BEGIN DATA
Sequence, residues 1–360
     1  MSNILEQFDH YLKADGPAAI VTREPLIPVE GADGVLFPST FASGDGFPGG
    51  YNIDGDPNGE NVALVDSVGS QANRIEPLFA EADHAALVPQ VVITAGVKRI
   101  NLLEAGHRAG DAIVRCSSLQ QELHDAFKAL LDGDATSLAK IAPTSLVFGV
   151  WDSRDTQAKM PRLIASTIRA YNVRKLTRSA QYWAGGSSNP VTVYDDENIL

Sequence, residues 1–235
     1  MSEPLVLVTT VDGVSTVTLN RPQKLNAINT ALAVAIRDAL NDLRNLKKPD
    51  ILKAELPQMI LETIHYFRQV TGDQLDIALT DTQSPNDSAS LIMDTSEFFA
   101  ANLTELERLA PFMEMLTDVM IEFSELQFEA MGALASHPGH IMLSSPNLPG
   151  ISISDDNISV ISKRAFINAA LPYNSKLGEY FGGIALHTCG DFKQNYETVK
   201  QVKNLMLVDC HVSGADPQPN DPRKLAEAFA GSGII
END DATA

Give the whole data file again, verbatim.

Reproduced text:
Sequence, residues 1–360
     1  MSNILEQFDH YLKADGPAAI VTREPLIPVE GADGVLFPST FASGDGFPGG
    51  YNIDGDPNGE NVALVDSVGS QANRIEPLFA EADHAALVPQ VVITAGVKRI
   101  NLLEAGHRAG DAIVRCSSLQ QELHDAFKAL LDGDATSLAK IAPTSLVFGV
   151  WDSRDTQAKM PRLIASTIRA YNVRKLTRSA QYWAGGSSNP VTVYDDENIL

Sequence, residues 1–235
     1  MSEPLVLVTT VDGVSTVTLN RPQKLNAINT ALAVAIRDAL NDLRNLKKPD
    51  ILKAELPQMI LETIHYFRQV TGDQLDIALT DTQSPNDSAS LIMDTSEFFA
   101  ANLTELERLA PFMEMLTDVM IEFSELQFEA MGALASHPGH IMLSSPNLPG
   151  ISISDDNISV ISKRAFINAA LPYNSKLGEY FGGIALHTCG DFKQNYETVK
   201  QVKNLMLVDC HVSGADPQPN DPRKLAEAFA GSGII